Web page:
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What I learned from the NFL about kids and sports safety

I had the pleasure of traveling to New York city last month for a luncheon at the NFL Headquarters. The topic of discussion was sports safety for children. As the mother of two boys, I knew this would be right up my alley. Not only was excited about spending 24 hours all by myself in the city, I was actually really eager to hear about the importance of spotting concussions and when it is appropriate to stop playing a sport after an injury.

Honestly, I have wanted to write this post ever since that day, but with so much valuable information to share, I worried that I wouldn’t do it justice. The truth is, concussions are a big deal. The more we learn about them, the more our culture will need to adapt and make sure we are protecting our athletes and ultimately, our children. I highlighted a few of my favorite takeaways, but be sure to click through the links in this post because there is a lot of really valuable information that I found really helpful.

Tip 1. – Helmets do not protect people from concussions

How many of you have ever even considered this fact? In my mind, a helmet = safe. But what it really means is a helmet = safer than no helmet. One speaker described the brain as a jar of mayonnaise. If you shake the jar, the mayo will jostle around. If you imagine a jar wearing a helmet, it doesn’t change what is on the inside.

Leave it to the NFL to get through to me with a food analogy. Now we’re talking.

Tip 2. – Don’t skip sports, but know when to take a break

 “When in doubt, sit them out” – Gerard A. Gioia, PhD

Whether you or your children are playing soccer, hockey, football or anything else, it’s important to keep it up! In an increasingly sedentary society we now have to be intentional about making sure we move around each day. It’s important for our overall health and in many cases our mental health! In other words, don’t skip the sports out of fear of injury. Simply learn to play smarter and pay attention.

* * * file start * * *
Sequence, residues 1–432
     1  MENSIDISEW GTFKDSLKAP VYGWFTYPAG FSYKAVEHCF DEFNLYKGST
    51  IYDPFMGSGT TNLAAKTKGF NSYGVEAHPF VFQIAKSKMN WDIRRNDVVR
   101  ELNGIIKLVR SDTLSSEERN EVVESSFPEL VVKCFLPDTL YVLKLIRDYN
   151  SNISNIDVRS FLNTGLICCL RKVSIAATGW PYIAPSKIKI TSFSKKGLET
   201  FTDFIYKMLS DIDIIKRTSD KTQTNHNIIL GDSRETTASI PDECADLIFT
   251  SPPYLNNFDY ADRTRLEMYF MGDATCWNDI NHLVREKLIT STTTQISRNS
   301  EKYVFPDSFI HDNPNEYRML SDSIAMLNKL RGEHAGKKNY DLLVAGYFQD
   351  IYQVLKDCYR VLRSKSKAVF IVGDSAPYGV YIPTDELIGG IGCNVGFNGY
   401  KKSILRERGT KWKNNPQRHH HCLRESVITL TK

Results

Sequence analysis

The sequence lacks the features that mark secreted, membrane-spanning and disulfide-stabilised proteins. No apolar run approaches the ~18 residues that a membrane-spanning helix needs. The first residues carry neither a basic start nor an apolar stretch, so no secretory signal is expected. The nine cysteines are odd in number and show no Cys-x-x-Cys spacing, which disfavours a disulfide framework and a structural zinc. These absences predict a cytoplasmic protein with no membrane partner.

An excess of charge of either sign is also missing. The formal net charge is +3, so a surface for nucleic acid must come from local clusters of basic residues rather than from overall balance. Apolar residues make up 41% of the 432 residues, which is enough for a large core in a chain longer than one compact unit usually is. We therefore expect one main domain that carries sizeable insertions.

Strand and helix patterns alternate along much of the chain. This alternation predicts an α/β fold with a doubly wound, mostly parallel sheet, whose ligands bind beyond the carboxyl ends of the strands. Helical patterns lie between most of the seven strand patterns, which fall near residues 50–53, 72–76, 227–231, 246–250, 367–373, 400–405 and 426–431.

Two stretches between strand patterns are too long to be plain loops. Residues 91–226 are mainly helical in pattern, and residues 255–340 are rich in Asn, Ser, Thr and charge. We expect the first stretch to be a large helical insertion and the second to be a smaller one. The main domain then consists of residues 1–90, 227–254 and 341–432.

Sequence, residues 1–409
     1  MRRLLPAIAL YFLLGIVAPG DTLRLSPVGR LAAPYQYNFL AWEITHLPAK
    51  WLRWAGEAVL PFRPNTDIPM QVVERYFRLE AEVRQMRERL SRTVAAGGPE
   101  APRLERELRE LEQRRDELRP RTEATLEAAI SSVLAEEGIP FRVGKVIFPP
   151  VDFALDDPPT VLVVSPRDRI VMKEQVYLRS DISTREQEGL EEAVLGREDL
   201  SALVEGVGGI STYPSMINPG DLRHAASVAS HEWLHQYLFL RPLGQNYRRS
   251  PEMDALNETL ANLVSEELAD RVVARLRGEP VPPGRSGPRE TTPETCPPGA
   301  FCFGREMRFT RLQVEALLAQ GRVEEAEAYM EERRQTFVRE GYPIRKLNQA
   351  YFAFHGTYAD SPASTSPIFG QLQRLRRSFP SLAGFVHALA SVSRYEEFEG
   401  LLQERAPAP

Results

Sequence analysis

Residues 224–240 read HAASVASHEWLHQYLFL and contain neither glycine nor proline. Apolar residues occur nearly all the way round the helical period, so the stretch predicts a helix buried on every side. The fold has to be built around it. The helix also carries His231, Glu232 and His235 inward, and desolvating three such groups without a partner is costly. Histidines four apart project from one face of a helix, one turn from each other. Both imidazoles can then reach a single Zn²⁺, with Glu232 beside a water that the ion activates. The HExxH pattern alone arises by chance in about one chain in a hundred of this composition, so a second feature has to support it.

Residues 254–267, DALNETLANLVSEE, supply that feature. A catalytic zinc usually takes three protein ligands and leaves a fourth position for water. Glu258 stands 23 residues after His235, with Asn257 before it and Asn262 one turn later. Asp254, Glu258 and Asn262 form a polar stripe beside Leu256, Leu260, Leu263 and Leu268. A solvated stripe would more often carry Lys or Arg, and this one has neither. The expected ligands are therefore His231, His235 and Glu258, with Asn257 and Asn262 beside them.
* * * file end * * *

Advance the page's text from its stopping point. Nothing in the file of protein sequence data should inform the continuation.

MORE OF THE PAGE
Of course, none of us wants to be labeled the helicopter parent. At the same time, it’s smart to check out the CDC’s recommendations for spotting concussions and USA Football’s safety checklists for smart athletics. To me, this is no different than having CPR training or a fire safety plan. It’s easier to enjoy the activity and stay calm when you have a bit of knowledge to fall back on if faced with a crisis or injury.

Tip 3. – Know how to spot a concussion

I have had a concussion. It was scary and disorienting. Mine was related to a car accident but I could barely walk for hours. I couldn’t imagine “playing through it” even hours later. Use these tips to spot a concussion and put your foot down if you think your child needs to take a sports break.

Here is a portion of the CDC’s Fact Sheet for Parents. To print the whole PDF, click through to the CDC.


As the mom of two boys who are already active, I really appreciated the focus on striking a balance between healthy activity and safety. Sports are good. We need to be active and give our children an outlet for which to channel their seemingly never-ending energy. At the same time, it’s our job as parents to do what we can to make sure they are safe. Concussions can happen anytime a person has a blow to the head. Knowing how to spot them is crucial.

I am grateful I had the chance to learn more about this issue. And let’s be honest, getting my picture taken with THE Vince Lombardi trophy was pretty awesome!

***photo by Sherry Aikens

 

Have you ever had a concussion or had to spot one in your child?

Many thanks to the NFL for providing me with the opportunity to travel to NYC and attend this luncheon. All opinions expressed are my own. 

andrea

ABOUT ANDREA

I'm a travel-loving boymom living in Raleigh, NC. I love making life a little bit easier and a lot more fun by sharing easy recipes, travel tips, and holiday treats. Read more...

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Jo-Lynne {Musings of a Housewife}

Friday 21st of September 2012

That is such great info. Sounds like a fun time too. Hated to miss it. :-)

Jenn @therebelchick

Thursday 20th of September 2012

I was always worried when my daughter played soccer because my friend got concussions from playing soccer - I had no idea what to look for, and I think that's a pretty common problem to have. Thanks for sharing, I am tweeting this out!!

Candace

Wednesday 19th of September 2012

Really useful info. Still don't think I'd be happy about either of my boys playing football...but it is all good to know for other sports! And I appreciate the NFL working on awareness at the K-12 level!

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